- Fashion -
Burberry beige, Chanel black, Dior gray, Fendi yellow, Tiffany blue, Cartier red, Hermès orange...
The world’s greatest luxury brands have an iconic color code recurrently expressed through their products but above all through their communication. Stemming from their historical heritage, this distinctive shade must keep step with the times and be reinterpreted so as to remain current.
Just as coats-of-arms served in Medieval times to single out friends and enemies, the colors of a brand are first and foremost a token of recognition. To help consumers nd their way amidst the jungle of existing temptations, a brand has to stand out from the rest. Neuroscience con rms that color is the major identifying element perceived by our brains, well before shape. Capitalizing on just one color effectively fosters the singularity of a brand. Since this color is not there by chance, but is on the contrary rooted in history, it simultaneously reinforces its authenticity.
THE COLOR OF SUCCESS
Authenticity... A key value in attempting to win over the new generation of Millennials well-accustomed to marketing blurb but eager for genuinely unique premium brands.1 Playing with logos to create a strong impression is not always a credible option for demanding consumers who are perfectly capable of decoding advertising strategies. Taking a subtler approach by highlighting a colorful heritage while reinventing themselves in order to take the leap into modern times: such is the challenge successfully met by certain major brands. As Maria Grazia Chiuri2 explains in referring to the Millennials : “We have to move this brand (Dior) into the future”. I am the present and they are tomorrow.”
Thomas Burberry created his coat-making company in 1856 when he was just 21 years of age, a pretty bold move for a young apprentice! A little over 20 years later, he invented gabardine, a waterproof fabric that revolutionized rain apparel. In 1912, the famous Burberry trench coat was patented. Initially a military garment, it featured the famous khaki beige and all the details that were useful within that particular context: a gun ap buttoned at the chest, D-rings on the belt for map cases and equipment, and epaulettes for displaying of cers’ ranks. Beige is a classic and timeless color that has remained an unmistakable brand signature.
Maria Grazia Chiuri’s second haute couture runway show kept up the proud tradition. Her fall/winter 2017-2018 collection staged far more than 50 shades of gray, the cult color of Christian Dior, as showcased in the 70th anniversary retrospective exhibition of the Maison presented this year in Paris. Gray like the house where he was born in Granville; pearly gray like the façade of 30, Avenue Montaigne; like the upholstery of the legendary oval-backed Louis XVI chairs and the Gris Montaigne collection, which transforms color into a fragrance. Dior gray is the embodiment of “this incredible balance between re nement and joie de vivre”3. The founder was convinced that gray goes with everything and remains chic in all circumstances, “and is thus a color recommended for accessories”.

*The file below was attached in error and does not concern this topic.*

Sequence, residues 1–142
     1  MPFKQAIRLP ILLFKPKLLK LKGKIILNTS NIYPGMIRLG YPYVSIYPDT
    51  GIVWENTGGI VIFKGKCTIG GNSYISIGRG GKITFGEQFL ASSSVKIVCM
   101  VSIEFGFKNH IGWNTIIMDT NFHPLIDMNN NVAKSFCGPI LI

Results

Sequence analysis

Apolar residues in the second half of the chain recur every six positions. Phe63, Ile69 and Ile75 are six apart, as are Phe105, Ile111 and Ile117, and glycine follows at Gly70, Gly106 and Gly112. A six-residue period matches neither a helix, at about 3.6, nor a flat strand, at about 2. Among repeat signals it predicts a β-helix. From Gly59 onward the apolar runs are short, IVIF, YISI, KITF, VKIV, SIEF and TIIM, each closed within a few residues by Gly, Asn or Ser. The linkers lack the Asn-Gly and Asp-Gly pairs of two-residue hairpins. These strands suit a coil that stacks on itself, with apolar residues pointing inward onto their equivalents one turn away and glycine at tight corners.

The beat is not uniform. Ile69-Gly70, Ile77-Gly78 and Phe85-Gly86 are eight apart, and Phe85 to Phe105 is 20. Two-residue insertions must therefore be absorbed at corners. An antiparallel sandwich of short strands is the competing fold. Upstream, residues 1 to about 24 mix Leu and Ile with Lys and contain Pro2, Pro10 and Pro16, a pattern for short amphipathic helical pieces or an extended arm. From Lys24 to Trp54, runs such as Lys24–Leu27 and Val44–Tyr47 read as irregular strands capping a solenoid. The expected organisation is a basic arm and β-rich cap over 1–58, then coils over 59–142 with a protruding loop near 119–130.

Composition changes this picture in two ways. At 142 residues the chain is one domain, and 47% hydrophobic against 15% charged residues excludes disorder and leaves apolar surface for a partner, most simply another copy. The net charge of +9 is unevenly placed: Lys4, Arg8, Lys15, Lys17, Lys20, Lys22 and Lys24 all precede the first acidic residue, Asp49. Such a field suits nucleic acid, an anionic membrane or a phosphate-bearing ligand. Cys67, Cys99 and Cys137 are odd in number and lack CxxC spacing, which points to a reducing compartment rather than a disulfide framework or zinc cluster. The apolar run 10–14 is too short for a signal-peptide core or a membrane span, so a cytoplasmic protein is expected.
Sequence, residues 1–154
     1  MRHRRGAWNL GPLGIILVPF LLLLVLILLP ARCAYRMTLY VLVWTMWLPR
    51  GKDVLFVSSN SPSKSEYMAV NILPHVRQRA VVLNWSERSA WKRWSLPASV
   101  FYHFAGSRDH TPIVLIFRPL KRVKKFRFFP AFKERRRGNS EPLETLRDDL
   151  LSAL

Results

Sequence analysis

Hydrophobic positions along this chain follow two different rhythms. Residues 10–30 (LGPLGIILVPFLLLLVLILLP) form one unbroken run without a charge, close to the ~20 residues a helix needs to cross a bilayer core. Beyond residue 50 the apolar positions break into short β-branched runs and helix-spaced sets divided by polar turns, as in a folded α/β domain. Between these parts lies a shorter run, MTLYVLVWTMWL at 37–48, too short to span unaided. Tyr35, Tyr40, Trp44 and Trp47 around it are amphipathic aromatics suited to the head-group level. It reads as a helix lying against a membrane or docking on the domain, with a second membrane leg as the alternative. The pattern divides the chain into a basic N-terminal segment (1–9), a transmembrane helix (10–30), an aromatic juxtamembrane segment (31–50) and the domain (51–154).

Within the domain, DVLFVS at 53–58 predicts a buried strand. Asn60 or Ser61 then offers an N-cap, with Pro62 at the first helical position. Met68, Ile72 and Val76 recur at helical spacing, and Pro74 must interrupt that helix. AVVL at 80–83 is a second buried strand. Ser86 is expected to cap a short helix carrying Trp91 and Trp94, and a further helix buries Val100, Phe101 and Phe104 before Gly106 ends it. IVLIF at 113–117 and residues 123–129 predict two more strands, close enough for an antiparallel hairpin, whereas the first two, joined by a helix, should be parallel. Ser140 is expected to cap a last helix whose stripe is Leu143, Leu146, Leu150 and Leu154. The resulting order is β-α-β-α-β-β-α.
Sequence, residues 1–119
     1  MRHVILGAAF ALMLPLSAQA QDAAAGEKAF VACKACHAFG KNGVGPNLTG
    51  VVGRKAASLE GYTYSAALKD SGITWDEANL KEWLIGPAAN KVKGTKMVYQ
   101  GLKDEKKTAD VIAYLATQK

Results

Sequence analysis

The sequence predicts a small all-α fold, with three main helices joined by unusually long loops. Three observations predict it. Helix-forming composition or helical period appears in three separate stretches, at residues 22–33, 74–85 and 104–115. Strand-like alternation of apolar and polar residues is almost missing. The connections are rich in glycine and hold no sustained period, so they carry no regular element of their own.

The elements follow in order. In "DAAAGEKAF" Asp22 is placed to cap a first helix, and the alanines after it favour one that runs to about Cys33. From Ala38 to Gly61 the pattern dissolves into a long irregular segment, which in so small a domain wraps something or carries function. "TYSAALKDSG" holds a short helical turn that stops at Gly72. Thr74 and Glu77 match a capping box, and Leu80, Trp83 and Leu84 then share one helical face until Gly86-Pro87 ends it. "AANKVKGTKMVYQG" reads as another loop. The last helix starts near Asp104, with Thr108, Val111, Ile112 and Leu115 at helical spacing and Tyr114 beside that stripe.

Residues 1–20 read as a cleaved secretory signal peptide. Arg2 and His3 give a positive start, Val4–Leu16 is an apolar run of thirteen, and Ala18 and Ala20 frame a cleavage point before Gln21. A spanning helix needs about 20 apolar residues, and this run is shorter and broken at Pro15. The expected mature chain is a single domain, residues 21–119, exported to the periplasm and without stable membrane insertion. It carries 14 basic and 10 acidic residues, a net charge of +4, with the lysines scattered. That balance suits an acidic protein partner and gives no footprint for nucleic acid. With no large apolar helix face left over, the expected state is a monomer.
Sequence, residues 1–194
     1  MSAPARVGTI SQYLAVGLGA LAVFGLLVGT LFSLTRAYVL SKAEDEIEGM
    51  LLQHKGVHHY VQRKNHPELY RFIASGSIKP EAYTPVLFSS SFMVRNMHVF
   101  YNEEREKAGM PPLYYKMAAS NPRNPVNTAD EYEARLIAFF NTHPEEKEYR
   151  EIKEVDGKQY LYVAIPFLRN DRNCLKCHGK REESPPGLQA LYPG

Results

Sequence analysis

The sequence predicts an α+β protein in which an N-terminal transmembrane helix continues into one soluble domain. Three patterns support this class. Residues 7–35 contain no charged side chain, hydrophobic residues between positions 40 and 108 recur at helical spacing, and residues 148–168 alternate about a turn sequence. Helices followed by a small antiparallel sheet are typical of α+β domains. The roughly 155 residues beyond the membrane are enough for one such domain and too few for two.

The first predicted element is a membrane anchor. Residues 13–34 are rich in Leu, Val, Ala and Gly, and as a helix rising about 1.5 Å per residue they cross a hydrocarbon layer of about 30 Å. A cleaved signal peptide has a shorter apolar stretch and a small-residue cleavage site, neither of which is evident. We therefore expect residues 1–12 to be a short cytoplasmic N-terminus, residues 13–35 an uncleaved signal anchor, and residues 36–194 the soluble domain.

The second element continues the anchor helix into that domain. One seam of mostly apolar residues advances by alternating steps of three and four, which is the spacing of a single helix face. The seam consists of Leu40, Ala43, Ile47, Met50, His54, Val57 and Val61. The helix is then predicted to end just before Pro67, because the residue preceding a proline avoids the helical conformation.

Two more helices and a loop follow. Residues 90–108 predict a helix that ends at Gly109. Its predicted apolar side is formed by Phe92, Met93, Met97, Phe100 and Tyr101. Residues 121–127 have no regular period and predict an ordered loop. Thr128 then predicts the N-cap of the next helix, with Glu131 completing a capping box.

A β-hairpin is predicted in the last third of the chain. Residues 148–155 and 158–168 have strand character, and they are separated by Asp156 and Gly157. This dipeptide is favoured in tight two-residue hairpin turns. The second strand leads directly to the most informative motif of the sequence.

A story of women, under the Italian sun. Sunny yellow has been inextricably bound up with the Rome-based Maison since 1933. At the time, the Pergamena nish was a natural papyrus-colored yellow leather. Widely used for Fendi leather goods, it became its symbol. Yellow has since popped up across all the brand’s design codes, from it bags to fragrances, since the Furiosa perfume was slightly yellow-tinged. But Fendi has also transcended its heritage through several generations of astute women. In 2017, the brand called upon the talents of a young Russian street artist to transform the rooftop of the Palazzo Fendi in Rome into a work of art: a naturally yellow Caligraffitti!
The famous Tiffany Blue carries Pantone reference 1837 (the year the Tiffany boutique opened in New York City), but does not appear on any colour swathe, since it remains the exclusive property of the House and was chosen by its founder, Charles Lewis Tiffany. Turquoise made its first appearance on the cover of the Blue Book, the brand’s jewelry catalog, in 1878. Its origin probably stems from the amazing shade of American robin’s eggs, as well as from the late 19th century craze for turquoise. When Tiffany’s opened in Paris, the obelisk of the Place de la Concorde was lit up in Tiffany blue. And the little blue box has been the stuff of dreams for women ever since Audrey Hepburn starred in Breakfast at Tiffany’s...
“Black, because it accentuates essentials, and recalls the monastic rigor of the uniforms of the Aubazine orphanage uniforms. Because for Gabrielle Chanel, it reveals a woman’s radiance.” It’s all there in this excerpt from Chapter 11 of Inside Chanel, a web series telling the story of the brand fundamentals. A ne example of successfully spanning the distance between the founder’s past and the early 21st century. In 1926, Chanel black became the color of elegance with the legendary little black dress, codenamed LBD. This simple dress caused a scandal before reigning supreme over the world of fashionable elegance for more than 90 years. Inseparable from white, black never goes out of fashion, as Karl Lagerfeld masterfully demonstrates with each new season.
By Anne-Marie Clerc
Illustrations : R.Atlan
1-On this topic, La génération Y et le luxe (Generation Y and luxury) by Eric Briones and Grégory Casper (Dunod – April 2014)
2-Nowfashion.com, June 8th 2017
3-Marketing du Luxe : stratégies innovantes et nouvelles pratiques (Luxury Marketing: innovative strategies and new practices),by Eugénie Briot and Christel De Lassus (Editions EMS February 2014).